14 April 2008

Journalism Moments: Remembering Edward R. Murrow

The Fletcher School of Law and Diplomacy at Tufts University in Massachusetts is this week celebrating the 100th anniversary of the birth of legendary journalist Edward R. Murrow. It seems a fitting opportunity to launch what we hope will become a regular feature at the VOA News Blog: a look at notable people and reporting moments in the history of journalism.

Murrow is a worthy first choice. He was born April 25th, 1908 and rose to fame as a radio broadcaster during World War Two, reporting for the CBS network. He turned to television after the war and was involved in many memorable, award-winning news shows. He was appointed in 1961 by President John F. Kennedy to head the US Information Agency, which no longer exists but was at the time the parent agency for the Voice of America. He remained in that post until 1964. He died April 27th, 1965.

For many of us at VOA, Murrow is remembered for his rock solid support of the principles of objective journalism. Take this quote, for example:

“American traditions and the American ethic require us to be truthful, but the most important reason is that truth is the best propaganda and lies are the worst. To be persuasive we must be believable; to be believable we must be credible; to be credible we must be truthful. It is as simple as that.”

Here in the US, Murrow is perhaps best-known for his March and April 1954 televised reports exposing the activities of Senator Joseph McCarthy.

McCarthy (1947–1957) is remembered for hearings in which he accused government officials and other public figures of being Communists. His tactics resulted in the creation of the word “McCarthyism,” which, according to the American Heritage Dictionary of the English Language, is: “The practice of publicizing accusations of political disloyalty or subversion with insufficient regard to evidence” as well as “the use of unfair investigatory or accusatory methods in order to suppress opposition.”

Here are some key quotes from Murrow’s broadcasts about McCarthy:

“No one familiar with the history of this country can deny that congressional committees are useful. It is necessary to investigate before legislating, but the line between investigating and persecuting is a very fine one and the junior Senator from Wisconsin (McCarthy) has stepped over it repeatedly. His primary achievement has been in confusing the public mind, as between the internal and the external threats of Communism. We must not confuse dissent with disloyalty. We must remember always that accusation is not proof and that conviction depends upon evidence and due process of law. We will not walk in fear, one of another. We will not be driven by fear into an age of unreason, if we dig deep in our history and our doctrine, and remember that we are not descended from fearful men -- not from men who feared to write, to speak, to associate and to defend causes that were, for the moment, unpopular.”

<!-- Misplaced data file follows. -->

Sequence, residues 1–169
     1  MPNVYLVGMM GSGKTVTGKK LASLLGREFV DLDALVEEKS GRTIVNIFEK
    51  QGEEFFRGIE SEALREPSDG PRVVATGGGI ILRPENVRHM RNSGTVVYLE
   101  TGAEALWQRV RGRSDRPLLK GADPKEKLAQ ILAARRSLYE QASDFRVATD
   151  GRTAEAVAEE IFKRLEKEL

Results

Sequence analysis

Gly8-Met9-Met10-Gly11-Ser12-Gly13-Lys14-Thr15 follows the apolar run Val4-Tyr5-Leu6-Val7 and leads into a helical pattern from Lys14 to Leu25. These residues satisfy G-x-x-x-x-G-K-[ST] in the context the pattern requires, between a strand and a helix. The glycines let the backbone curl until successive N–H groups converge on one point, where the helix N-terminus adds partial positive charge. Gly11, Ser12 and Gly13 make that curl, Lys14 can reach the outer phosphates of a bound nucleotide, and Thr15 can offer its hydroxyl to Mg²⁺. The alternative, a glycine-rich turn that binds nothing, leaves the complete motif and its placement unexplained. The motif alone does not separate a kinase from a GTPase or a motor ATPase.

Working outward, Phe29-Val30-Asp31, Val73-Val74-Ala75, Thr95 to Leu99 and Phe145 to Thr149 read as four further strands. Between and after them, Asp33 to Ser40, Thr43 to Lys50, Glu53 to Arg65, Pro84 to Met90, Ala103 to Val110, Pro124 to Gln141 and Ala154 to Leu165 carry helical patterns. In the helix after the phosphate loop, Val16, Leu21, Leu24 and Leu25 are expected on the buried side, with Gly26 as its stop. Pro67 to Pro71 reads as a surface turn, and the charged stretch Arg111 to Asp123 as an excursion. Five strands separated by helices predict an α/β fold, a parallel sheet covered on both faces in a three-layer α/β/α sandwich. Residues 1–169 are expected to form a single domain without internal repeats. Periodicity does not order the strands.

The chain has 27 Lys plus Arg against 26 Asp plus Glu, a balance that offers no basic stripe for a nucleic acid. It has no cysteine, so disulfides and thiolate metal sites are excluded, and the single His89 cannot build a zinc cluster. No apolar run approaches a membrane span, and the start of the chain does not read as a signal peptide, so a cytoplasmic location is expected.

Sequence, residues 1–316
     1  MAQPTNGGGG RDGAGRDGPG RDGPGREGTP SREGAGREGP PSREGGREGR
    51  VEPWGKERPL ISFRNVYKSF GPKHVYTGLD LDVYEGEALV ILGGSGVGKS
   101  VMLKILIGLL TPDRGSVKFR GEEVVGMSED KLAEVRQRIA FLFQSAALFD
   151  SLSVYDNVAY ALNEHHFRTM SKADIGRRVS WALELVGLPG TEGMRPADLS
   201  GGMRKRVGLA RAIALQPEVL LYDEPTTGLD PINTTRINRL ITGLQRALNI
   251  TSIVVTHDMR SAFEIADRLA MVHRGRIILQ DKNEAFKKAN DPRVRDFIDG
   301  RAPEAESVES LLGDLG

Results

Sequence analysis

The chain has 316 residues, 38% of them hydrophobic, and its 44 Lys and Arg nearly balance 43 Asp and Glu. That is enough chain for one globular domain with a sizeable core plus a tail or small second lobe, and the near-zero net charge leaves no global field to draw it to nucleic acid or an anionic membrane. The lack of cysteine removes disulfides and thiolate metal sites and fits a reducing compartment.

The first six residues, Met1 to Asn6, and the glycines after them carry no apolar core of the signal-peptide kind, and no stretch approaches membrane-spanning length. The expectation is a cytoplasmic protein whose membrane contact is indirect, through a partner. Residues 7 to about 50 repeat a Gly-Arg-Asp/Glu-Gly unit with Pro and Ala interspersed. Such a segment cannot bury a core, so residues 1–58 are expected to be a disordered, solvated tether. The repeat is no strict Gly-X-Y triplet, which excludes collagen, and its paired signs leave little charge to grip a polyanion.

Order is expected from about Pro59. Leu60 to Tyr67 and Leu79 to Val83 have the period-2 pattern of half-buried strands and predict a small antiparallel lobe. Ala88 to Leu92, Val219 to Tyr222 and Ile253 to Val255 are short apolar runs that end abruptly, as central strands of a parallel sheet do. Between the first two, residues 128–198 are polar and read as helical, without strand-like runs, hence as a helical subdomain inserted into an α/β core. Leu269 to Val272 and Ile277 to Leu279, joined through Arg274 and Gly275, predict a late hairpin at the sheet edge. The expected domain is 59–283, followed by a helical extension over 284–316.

“This is no time for men who oppose Senator McCarthy's methods to keep silent, or for those who approve. We can deny our heritage and our history, but we cannot escape responsibility for the result. There is no way for a citizen of a republic to abdicate his responsibilities. As a nation we have come into our full inheritance at a tender age. We proclaim ourselves, as indeed we are, the defenders of freedom, wherever it continues to exist in the world, but we cannot defend freedom abroad by deserting it at home. The actions of the junior Senator from Wisconsin have caused alarm and dismay amongst our allies abroad, and given considerable comfort to our enemies. And whose fault is that? Not really his. He didn't create this situation of fear; he merely exploited it -- and rather successfully. Cassius was right. "The fault, dear Brutus, is not in our stars, but in ourselves."

“Senator McCarthy ... proved again that anyone who exposes him, anyone who does not share his hysterical disregard for decency and human dignity and the rights guaranteed by the Constitution, must be either a Communist or a fellow traveler. I fully expected this treatment. The Senator added this reporter's name to a long list of individuals and institutions he has accused of serving the Communist cause. His proposition is very simple: Anyone who criticizes or opposes McCarthy's methods must be a Communist. And if that be true, there are an awful lot of Communists in this country. Having searched my conscience and my files, I cannot contend that I have always been right or wise. But I have attempted to pursue the truth with some diligence and to report it, even though, as in this case, I had been warned in advance that I would be subjected to the attentions of Senator McCarthy.”


Erin Brummett said...

VOA's global webchat T2A (Talk To America) marks Mr. Murrow's 100th birth anniversary on Wednesday, April 23rd at 1800 utc / 2pm edt. Our guest is Lynne Olson, co-author of The Murrow Boys: Pioneers on the Frontlines of Broadcast Journalism. You can join the chat live by going to www.voanews.com
Many journalists consider Mr. Murrow the father of broadcast journalism and often ask themselves, "What would Murrow do?" His broadcasts from London during the Blitz influenced American public opinion at a time when Britain was desperately seeking American support in fighting Nazi Germany. And his "See It Now" broadcasts in the 1950's helped lead to the end of McCarthyism.

Anonymous said...

True words have a ring within then,
as true today as 50 Years hence,
we need more men the likes of Mr. Murrow.
now it seems more than ever.
with Messrs Bush & Cheney doing what
McCarthy wanted to do.